De Blasio Dodges FOIL Questions

Mayor Bill de Blasio chatting with City Hall reporters this afternoon. (Photo: Rob Bennett for the Office of Mayor Bill de Blasio)

Mayor Bill de Blasio chatting with City Hall reporters. (Photo: Rob Bennett/NYC Mayor’s Office)

Mayor Bill de Blasio–who made easy access to public information a centerpiece of his role as public advocate–today sidestepped questions about the city’s handling of Freedom of Information Law requests.

Late Friday, Mr. de Blasio’s administration responded to requests filed by the Observer and other outlets seeking records of email communications between him, his staff and police following the arrest of an early campaign supporter, Bishop Orlando Findlayer, who was spared a night in jail following a personal call placed by the mayor.

Initial reporters about the incident, which the administration has never refuted, cited emails exchanged with the police–but the requests filed by media outlets turned up no results. Other requests made for the police report have yet to be responded to weeks after the required deadline.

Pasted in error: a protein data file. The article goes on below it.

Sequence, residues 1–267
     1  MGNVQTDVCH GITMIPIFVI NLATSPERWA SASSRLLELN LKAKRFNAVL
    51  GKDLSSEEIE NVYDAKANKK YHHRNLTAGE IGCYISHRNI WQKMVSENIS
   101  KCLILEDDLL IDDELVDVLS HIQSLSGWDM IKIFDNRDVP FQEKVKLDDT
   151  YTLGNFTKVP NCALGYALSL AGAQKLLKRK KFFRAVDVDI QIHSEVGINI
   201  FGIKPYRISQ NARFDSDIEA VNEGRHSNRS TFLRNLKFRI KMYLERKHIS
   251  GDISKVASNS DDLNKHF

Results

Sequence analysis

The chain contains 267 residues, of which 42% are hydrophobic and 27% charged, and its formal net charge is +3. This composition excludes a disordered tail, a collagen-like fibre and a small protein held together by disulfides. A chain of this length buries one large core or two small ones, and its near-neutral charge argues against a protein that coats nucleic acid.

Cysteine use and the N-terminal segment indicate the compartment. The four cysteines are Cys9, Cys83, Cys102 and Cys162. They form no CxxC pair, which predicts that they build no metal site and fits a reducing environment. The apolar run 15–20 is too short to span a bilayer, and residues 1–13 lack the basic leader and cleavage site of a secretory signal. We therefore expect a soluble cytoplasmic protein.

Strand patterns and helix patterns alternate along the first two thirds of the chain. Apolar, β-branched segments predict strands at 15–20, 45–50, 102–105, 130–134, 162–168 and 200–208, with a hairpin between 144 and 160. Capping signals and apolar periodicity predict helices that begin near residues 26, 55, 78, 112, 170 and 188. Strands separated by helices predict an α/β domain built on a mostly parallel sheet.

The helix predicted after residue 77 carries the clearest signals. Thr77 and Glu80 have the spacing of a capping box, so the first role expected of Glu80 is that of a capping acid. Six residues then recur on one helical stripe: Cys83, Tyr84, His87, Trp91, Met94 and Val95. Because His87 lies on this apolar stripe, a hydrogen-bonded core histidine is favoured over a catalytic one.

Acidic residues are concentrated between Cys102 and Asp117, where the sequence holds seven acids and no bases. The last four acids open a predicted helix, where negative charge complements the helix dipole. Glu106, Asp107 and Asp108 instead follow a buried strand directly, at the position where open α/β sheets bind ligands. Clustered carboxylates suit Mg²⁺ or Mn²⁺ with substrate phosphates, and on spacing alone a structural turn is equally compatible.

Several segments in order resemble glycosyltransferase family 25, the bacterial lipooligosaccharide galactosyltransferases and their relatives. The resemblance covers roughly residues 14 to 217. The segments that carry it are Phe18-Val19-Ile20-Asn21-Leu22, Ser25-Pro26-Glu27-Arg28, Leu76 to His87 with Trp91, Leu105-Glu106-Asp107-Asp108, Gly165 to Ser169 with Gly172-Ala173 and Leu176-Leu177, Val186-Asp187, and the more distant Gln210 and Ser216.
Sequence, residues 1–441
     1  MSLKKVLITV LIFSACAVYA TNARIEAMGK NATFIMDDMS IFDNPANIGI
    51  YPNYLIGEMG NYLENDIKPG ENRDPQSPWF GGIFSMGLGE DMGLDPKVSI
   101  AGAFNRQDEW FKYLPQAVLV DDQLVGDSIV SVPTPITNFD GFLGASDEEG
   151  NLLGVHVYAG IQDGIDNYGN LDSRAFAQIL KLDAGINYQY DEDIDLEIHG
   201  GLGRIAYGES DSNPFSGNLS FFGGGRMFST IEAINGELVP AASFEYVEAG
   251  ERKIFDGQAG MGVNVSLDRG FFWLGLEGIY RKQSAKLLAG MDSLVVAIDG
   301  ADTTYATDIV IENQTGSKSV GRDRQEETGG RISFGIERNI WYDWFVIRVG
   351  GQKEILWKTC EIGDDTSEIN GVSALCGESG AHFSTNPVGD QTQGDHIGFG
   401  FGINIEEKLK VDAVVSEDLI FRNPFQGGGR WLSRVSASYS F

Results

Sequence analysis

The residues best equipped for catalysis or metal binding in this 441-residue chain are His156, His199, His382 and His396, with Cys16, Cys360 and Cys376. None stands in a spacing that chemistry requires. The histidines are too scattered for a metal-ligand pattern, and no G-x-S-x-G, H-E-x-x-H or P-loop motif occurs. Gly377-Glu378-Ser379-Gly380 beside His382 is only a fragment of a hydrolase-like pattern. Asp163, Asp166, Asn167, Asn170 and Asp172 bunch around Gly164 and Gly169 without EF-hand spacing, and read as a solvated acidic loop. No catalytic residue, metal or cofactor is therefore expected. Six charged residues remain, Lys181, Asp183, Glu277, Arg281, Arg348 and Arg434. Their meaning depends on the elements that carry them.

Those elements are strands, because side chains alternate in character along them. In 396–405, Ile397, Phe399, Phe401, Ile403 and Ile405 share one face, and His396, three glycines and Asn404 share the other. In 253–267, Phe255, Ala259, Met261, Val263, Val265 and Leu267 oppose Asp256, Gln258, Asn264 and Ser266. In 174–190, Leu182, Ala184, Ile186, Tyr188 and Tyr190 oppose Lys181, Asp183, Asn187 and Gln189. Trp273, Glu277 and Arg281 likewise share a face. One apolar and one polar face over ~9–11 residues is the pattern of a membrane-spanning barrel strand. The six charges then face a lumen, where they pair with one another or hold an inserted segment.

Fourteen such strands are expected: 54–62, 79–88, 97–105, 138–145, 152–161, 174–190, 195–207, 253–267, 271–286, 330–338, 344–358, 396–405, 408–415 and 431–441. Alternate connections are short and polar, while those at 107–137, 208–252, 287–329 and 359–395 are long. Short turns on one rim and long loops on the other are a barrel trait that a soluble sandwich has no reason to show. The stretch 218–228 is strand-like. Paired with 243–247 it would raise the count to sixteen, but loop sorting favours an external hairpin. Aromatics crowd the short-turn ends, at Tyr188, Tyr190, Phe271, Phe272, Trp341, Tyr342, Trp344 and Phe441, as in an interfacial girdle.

But speaking today to reporters, Mr. de Blasio was vague when asked about the delays.

“The FOIL process–I am not a lawyer, but the FOIL process is delineated and is pursued whenever a request comes in. What we have said to our team is: Process those, get the answer back. Obviously, if at any point, a journalist or any other organization isn’t comfortable with the outcome of the FOIL request, there is an appeals process. So I’m not familiar with the details of it, but that’s the way it works,” he said.

Pressed again specifically on the Findlayter response, Mr. de Blasio was equally vague.

“There’s a FOIL process. I am not a lawyer. There are lawyers who do this with great care and I’m sure they followed the appropriateĀ  rules. And at the end of that process people aren’t satisfied, there is an appeals process,” he said, refusing to respond to a question about whether no emails were indeed sent.

“Again, I don’t comment on the details of the FOIL process,” he said. “I let the lawyers do that.”

As public advocate, Mr. de Blasio had been a champion of open record laws, even publishing an extensive report calling out the previous administration for delays and difficulties.